Can Anxiety Cause Chest Pain? Know Truth in 5 Minutes

Can Anxiety Cause Chest Pain? Know Truth in 5 Minutes

One of the looming questions at the back of our minds in this modern era is: “Can anxiety cause chest pain?”

The chances are that if you’re one of the 40 million Americans who suffer from a severe anxiety condition, you’ve also gone through physical or emotional symptoms, especially if you’ve had a panic attack or other anxiety-related episodes in addition to mental and emotional ones.

The physical signs of anxiety can sometimes be uncomfortable, frightening, and painful. Unusual Pain in and around the chest is one symptom that can be particularly troubling.

1. What is Anxiety?

Anxiety is a mood disorder that can range from mild to severe and includes feelings of concern or fear. Anxiety is a common emotion that affects everyone occasionally. For instance, an exam, a medical checkup, or a job interview could cause you to feel apprehensive.

 1.1)  Explanation:

Some people who suffer from anxiety experience this sensation frequently during anxiety or panic attacks and question Can anxiety cause chest pain? It is reasonable that soreness in this area could make you anxious because the chest is home to vital organs like the heart and lungs.

Sadly, this may increase anxiety even more. Instead, we wrote this manual to help you relax. You’ll discover in this article the causes, symptoms, duration, treatment options, and more of anxiety chest discomfort. Additionally, you will find the distinction between chest shooting pain brought on by anxiety and chest pain brought on by a heart attack and when you should consult a doctor.

Yes. Chest tightness/ pain is a common symptom of anxiety, mainly when the condition is acute or when panic attacks occur.

Even though it can be unpleasant and painful, anxiety patients can find some solace in knowing that there is a physiological explanation for this unsettling symptom: Your brain and body are attempting to defend you from an actual or imagined stressor.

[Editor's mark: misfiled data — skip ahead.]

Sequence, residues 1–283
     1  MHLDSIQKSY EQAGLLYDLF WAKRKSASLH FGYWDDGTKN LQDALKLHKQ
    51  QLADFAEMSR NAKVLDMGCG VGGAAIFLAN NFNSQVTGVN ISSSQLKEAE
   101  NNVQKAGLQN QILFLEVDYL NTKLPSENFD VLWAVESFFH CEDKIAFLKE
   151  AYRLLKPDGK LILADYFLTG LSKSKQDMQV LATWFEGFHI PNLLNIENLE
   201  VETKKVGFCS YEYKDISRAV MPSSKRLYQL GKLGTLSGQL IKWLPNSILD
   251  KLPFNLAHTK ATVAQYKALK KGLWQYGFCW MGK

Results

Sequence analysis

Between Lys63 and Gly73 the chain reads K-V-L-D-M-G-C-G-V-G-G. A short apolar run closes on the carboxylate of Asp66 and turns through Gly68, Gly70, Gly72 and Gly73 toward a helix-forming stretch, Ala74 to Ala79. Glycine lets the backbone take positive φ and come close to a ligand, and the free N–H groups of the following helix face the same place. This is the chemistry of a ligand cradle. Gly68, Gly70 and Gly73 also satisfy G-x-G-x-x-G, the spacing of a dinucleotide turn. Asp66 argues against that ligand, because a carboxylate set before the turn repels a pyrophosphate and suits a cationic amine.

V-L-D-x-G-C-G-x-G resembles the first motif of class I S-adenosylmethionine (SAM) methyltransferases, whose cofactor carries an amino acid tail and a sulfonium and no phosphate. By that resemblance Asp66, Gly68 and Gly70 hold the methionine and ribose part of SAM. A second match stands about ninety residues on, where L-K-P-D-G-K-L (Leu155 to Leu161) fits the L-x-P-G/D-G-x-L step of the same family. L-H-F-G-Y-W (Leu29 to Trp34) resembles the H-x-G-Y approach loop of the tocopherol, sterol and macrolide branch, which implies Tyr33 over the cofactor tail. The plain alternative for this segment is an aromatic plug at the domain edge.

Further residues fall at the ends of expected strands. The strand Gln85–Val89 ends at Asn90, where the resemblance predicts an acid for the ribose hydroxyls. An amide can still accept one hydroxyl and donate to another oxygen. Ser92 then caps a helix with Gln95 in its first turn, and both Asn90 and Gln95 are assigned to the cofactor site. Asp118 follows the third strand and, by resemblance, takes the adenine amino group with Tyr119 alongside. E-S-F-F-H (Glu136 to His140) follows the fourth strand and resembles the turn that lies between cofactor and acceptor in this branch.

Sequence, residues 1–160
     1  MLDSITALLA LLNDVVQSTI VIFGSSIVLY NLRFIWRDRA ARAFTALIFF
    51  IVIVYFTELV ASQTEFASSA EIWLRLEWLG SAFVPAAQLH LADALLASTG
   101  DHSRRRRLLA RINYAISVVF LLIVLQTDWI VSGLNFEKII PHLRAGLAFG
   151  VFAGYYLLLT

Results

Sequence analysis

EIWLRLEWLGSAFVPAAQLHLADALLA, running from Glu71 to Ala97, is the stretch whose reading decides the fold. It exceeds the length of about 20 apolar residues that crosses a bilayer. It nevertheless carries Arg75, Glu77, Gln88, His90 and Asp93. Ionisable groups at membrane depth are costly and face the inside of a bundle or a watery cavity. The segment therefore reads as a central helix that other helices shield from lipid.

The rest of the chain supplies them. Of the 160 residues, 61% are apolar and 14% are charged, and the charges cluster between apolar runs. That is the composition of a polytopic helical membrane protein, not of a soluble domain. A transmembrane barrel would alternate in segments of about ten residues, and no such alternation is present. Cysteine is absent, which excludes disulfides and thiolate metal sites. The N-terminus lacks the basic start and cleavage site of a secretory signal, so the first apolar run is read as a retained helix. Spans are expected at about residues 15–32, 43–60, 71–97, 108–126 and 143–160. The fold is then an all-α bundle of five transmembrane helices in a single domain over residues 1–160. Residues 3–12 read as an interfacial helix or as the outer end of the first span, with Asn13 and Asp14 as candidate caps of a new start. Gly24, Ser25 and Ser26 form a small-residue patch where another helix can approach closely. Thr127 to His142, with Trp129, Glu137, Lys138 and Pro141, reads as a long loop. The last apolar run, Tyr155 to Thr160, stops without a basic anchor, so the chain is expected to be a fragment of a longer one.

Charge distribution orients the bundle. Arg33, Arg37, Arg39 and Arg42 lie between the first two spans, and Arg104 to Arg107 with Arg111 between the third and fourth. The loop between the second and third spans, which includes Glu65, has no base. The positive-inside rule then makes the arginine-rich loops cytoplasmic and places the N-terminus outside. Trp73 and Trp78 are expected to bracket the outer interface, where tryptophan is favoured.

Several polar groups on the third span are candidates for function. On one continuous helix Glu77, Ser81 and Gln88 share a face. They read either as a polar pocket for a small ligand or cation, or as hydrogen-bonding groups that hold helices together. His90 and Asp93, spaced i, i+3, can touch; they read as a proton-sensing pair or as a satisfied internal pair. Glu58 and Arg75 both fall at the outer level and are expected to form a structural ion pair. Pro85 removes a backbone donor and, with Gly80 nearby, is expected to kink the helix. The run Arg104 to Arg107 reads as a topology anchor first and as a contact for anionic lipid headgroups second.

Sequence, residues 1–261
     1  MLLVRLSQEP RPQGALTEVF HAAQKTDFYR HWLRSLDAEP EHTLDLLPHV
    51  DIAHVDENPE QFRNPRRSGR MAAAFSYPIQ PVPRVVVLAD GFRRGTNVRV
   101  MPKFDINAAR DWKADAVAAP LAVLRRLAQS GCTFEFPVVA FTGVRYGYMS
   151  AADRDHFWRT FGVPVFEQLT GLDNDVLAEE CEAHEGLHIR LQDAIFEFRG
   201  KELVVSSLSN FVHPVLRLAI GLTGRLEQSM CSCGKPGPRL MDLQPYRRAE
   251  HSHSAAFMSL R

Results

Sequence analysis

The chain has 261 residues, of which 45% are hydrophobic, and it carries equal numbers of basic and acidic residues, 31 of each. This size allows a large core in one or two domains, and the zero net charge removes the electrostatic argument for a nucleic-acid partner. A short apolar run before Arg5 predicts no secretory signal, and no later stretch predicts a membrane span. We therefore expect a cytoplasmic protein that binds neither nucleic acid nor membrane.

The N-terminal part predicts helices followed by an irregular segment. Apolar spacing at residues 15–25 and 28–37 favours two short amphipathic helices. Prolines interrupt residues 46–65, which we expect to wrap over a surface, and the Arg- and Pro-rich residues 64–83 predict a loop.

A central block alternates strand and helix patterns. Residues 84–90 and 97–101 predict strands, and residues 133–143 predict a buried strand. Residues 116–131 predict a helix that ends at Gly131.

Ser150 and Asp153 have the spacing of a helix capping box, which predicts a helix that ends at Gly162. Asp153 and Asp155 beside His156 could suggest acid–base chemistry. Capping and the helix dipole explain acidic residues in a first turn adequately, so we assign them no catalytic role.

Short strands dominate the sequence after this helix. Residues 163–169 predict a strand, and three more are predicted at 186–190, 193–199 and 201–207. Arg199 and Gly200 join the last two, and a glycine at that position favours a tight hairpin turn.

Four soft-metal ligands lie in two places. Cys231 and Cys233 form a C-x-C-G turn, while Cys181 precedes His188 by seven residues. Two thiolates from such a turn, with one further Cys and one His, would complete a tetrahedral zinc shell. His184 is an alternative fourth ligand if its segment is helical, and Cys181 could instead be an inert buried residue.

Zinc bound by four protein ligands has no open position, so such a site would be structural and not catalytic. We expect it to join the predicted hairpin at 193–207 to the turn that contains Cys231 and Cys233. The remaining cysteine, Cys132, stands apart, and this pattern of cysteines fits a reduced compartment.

2. How Does Anxiety Contribute to Chest Pain?

Chest pain is a common symptom of panic and anxiety episodes. While anxiety attacks can be less severe, they are similar. While panic attacks can occur without a clear trigger, anxiety attacks typically have a connection to a particular stimulus in the person’s life. Stress hormones, which set off a person’s fight-or-flight reaction, are to blame for the symptoms in both situations. However, it can also signify a heart attack or pericarditis, so a person should seek immediate medical attention.

Additionally, this results in other symptoms like respiratory problems. Frequent panic attacks or worry episodes may indicate an anxiety/mental disorder. Anxiety disorders come in various forms, including panic disorder and generalized anxiety disorder.

To determine whether a patient has one of these diseases, a doctor must confirm that their symptoms align with those listed in the Diagnostic and Statistical Manual of Mental Disorders. Panic disorder, PTSD, generalized anxiety disorder, particular phobias, and other mental disorders fall under anxiety.

3. Symptoms of Anxiety-Related Chest Pain:

Some people experience chest pain from anxiety differently. You can manage your worry and comprehend the cause of your chest pain symptom if you have a correct diagnosis from a doctor or certified therapist. The following are examples of chest-related physical symptoms:

  • A stabbing, shooting, or sharp Pain
  • Ischemic Pain
  • A dull ache that lasts forever
  • Pressure, or a tightness
  • The feeling of burning
  • Tingling in specific places
  • The twitching or Spasms
  • dizziness \sfaintness
  • Breathing difficulties
  • Significant variations in body temperature
  • Feeling uncontrollable under the circumstances
  • Tingling and perspiration in the hands and feet
  • Chest ache, palpitations
  • Acute chest pain

These unsettling emotions may start to feel uncomfortable gradually or suddenly. However, it is more typical for chest pain to appear during panic or acute anxiety attacks that begin suddenly and for the patient to feel apprehensive before the chest pain starts.

The sternum, also known as the breastbone at the centre of the chest, the diaphragm (an internal muscle sheet that spans the bottom of the rib cage), the breast muscles, and the rib cage are all parts of the chest region.

This symptom may impact one region of the chest, move and impact one or more additional areas, migrate and impact numerous areas of the chest, afflict the entire chest region, or cause chest tightness. This symptom may show up infrequently, frequently, or continuously.